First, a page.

A co-viability model of grazing and bird community management in farmland
Luc Doyen (),
O. Renault and
Ecological Modelling, 2007, vol. 206, issue 3, 277-293
In European grasslands, livestock grazing is a key driver of habitat quality. However, the specific grazing regimes that favour habitat quality and ensure biodiversity conservation remain largely unknown. This paper develops a dynamic model to predict how livestock grazing may be used to sustain a bird community without penalizing cattle feeding. The model focuses on a grassland grazed by cattle which is also the breeding habitat of three wader species. It integrates the dynamics of a sward, controlled through grazing, and that of three bird populations. Viability theory and dynamic programming are used to reveal viable grazing strategies that ensure the creation of two levels of habitat quality (homogeneous and heterogeneous) whilst ensuring cattle feeding. Viable grazing strategies are ranked through an economic criterion and referred as ecologic or economic grazing. Then using viability population analysis, we assess the extinction risk of the wader community in both levels of habitat quality. Globally, grazing had a more positive effect on the wader community than did the no-grazing scenario. Both levels of habitat quality could be generated through both grazing strategies corresponding to contrasting temporal distributions of livestock densities. Grazing strategies resulted in differential community viability. Ecologic grazing always ensured wader community maintenance, whatever the level of habitat quality targeted. This was not the case for economic grazing which reduced the wader community to two species. Species response showed two contrasting patterns, with a more dramatic decline for lapwings than redshanks in both the no-grazing and heterogeneous habitat quality scenarios. This may lead to conservation problems because of the relationship between population size and probability of extinction observed for lapwings.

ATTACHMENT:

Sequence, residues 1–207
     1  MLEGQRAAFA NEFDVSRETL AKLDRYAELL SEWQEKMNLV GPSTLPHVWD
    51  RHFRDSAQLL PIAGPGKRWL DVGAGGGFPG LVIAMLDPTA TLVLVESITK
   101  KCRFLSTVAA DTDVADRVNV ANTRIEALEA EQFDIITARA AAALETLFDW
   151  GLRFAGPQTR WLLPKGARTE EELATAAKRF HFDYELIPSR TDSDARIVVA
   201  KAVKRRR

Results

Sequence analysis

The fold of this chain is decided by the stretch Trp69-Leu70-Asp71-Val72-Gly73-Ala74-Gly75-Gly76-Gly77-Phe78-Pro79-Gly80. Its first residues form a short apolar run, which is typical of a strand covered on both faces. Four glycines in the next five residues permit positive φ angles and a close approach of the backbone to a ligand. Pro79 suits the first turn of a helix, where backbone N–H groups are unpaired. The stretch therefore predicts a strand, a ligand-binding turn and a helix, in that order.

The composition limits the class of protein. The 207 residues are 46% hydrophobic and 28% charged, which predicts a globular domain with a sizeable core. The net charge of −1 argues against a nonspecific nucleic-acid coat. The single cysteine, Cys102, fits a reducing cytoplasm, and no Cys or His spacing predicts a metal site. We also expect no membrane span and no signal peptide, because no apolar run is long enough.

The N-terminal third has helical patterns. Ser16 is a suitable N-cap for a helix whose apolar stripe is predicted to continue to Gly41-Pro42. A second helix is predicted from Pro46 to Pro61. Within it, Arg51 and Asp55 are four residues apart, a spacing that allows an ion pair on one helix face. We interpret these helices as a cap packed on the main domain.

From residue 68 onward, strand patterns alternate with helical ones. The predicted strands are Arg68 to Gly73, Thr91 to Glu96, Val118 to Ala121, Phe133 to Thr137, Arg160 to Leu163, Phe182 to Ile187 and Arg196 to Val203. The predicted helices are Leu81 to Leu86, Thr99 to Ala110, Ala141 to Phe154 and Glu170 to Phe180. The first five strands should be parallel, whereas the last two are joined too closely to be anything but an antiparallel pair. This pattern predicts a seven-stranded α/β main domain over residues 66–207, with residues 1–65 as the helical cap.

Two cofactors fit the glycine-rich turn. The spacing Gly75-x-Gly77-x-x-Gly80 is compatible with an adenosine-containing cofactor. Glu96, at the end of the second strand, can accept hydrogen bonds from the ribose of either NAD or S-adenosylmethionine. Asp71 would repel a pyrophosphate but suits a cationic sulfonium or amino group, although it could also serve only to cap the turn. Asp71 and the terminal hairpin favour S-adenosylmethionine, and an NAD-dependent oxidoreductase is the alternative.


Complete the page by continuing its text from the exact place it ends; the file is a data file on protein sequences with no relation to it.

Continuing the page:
Keywords: Grazing; Biodiversity; Habitat quality; Dynamics; Viable control (search for similar items in EconPapers)
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Persistent link: https://EconPapers.repec.org/RePEc:eee:ecomod:v:206:y:2007:i:3:p:277-293
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